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Paul Krugman in Spat With Harvard Professors Who Are Tired of His 'Spectacularly Uncivil Behavior


"Your characterization of our work and of our policy impact is selective and shallow."

(Photo: AP)

Paul Krugman (Photo: AP)

Outspoken progressive New York Times columnist and economist Paul Krugman has found himself in a public dispute with two Harvard University professors regarding austerity and the real dangers of debt levels can have on economic growth.

Krugman writes in "How the Case for Austerity Has Crumbled" for the June 6 issue of The New York Review of Books that claims in the 2010 paper by Harvard Professors Carmen Reinhart and Kenneth Rogoff, "Growth in a Time of Debt," were flawed by coding errors, data omissions and "peculiar statistical techniques" that "suddenly made  a remarkable number of prominent people look foolish." Krugman writes:

The real mystery, however, was why Reinhart-Rogoff was ever taken seriously, let alone canonized, in the first place. Right from the beginning, critics raised strong concerns about the paper’s methodology and conclusions, concerns that should have been enough to give everyone pause.

Krugman goes on to further criticize Reinhart and Rogoff for not making data from their report widely available, and argues that "researchers working with seemingly comparable data hadn't been able to reproduce their results."

Reinhart and Rogoff responded with an extensive open letter to Krugman on Reinhart's personal website that calls the New York Times columnist's writing on their paper in recent weeks "spectacularly uncivil behavior."

We admire your past scholarly work, which influences us to this day.  So it has been with deep disappointment that we have experienced your spectacularly uncivil behavior the past few weeks.  You have attacked us in very personal terms, virtually non-stop, in your New York Times column and blog posts.  Now you have doubled down in the New York Review of Books, adding the accusation we didn't share our data.  Your characterization of our work and of our policy impact is selective and shallow.  It is deeply misleading about where we stand on the issues.  And we would respectfully submit, your logic and evidence on the policy substance is not nearly as compelling as you imply.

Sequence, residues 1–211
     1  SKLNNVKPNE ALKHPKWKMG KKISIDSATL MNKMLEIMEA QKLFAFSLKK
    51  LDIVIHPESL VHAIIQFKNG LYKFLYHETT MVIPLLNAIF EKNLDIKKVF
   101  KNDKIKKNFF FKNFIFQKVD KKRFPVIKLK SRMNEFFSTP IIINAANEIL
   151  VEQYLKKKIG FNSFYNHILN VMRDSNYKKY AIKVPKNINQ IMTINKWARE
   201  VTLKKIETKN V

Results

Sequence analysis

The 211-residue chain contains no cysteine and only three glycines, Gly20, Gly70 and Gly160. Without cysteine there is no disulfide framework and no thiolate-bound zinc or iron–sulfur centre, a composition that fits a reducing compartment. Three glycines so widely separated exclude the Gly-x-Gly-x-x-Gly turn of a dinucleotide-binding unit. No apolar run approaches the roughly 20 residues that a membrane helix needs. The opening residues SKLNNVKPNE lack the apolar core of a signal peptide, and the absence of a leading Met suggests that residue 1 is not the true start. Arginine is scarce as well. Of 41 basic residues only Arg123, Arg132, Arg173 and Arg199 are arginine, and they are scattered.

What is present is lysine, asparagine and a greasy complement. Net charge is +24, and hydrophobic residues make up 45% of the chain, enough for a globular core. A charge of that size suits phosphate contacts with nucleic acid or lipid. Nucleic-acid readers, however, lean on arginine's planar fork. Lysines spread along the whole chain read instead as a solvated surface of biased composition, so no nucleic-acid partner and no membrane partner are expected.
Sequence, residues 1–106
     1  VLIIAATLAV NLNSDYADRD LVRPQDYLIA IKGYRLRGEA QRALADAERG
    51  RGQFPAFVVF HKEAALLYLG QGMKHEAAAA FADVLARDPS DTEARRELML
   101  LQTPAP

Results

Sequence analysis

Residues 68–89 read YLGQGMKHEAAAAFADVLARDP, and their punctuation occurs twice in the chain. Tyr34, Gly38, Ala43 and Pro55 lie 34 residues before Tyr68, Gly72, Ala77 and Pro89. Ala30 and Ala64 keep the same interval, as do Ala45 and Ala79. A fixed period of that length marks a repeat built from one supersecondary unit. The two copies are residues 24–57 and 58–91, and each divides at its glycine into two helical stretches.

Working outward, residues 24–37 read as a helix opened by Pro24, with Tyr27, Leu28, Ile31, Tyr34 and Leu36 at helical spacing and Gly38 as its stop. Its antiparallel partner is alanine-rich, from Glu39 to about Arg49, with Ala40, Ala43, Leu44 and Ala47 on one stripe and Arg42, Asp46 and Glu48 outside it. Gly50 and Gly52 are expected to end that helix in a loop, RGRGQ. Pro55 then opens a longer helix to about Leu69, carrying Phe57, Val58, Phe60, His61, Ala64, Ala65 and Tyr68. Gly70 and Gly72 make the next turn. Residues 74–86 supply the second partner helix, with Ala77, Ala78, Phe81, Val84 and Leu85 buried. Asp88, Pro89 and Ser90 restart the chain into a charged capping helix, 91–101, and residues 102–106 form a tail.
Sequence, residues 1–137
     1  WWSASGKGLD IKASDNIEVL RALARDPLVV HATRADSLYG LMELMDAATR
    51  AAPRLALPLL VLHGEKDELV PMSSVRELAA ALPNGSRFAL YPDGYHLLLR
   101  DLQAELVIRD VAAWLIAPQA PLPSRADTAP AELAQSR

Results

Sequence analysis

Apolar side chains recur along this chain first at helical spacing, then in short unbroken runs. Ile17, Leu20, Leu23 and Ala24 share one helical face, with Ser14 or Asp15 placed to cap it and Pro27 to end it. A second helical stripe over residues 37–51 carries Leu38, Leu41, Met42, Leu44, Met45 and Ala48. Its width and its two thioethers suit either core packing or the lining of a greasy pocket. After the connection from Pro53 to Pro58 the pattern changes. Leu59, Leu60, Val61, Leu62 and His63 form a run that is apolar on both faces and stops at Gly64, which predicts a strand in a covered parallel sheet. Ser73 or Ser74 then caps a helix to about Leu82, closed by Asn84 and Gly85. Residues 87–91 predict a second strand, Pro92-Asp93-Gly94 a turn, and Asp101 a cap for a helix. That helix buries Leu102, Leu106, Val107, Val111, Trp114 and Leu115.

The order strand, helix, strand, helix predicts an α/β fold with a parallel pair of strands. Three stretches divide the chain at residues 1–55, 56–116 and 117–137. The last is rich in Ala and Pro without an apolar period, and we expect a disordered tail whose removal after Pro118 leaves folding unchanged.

You particularly take aim at our 2010 paper on the long-term secular association between high debt and slow growth. That you disagree with our interpretation of the results is your prerogative.  Your thoroughly ignoring the subsequent literature, however, including the International Monetary Fund's work as well as our own deeper and more complete 2012 paper with Vincent Reinhart, is troubling.   Perhaps, acknowledging the updated literature-not to mention decades of theoretical, empirical, and historical contributions on drawbacks to high debt-would inconveniently undermine your attempt to make us a scapegoat for austerity.  You write "Indeed, Reinhart-Rogoff may have had more immediate influence on public debate than any previous paper in the history of economics."

Setting aside this wild hyperbole, you never seem to mention our other line of work that has surely been far more influential when it comes to responding to the financial crisis.

The five-page letter is accompanied by a four-page appendix.

The 2010 paper was widely-cited by austerity advocates and fiscal conservatives as a justification for cuts to public spending after the financial crisis. The Wall Street Journal notes that Reinhart and Rogoff's findings came under a cloud last month when a graduate student at the University of Massachusetts Amherst found a spreadsheet error in the Harvard professors' calculations when attempting to replicate the paper for an econometrics homework exercise. Reinhart and Rogoff conceded the error but stood by their findings, publishing a correction to the 2010 paper on their website this month.

The Reinhart-Rogoff paper, University of Massachusetts response, and Krugman quarrel have been a hot topic of conservation in economist conservations of late. Southern Methodist University Professor Robert Lawson joined 'Wilkow!' Tuesday to discuss the debate, watch a clip from the segment below:

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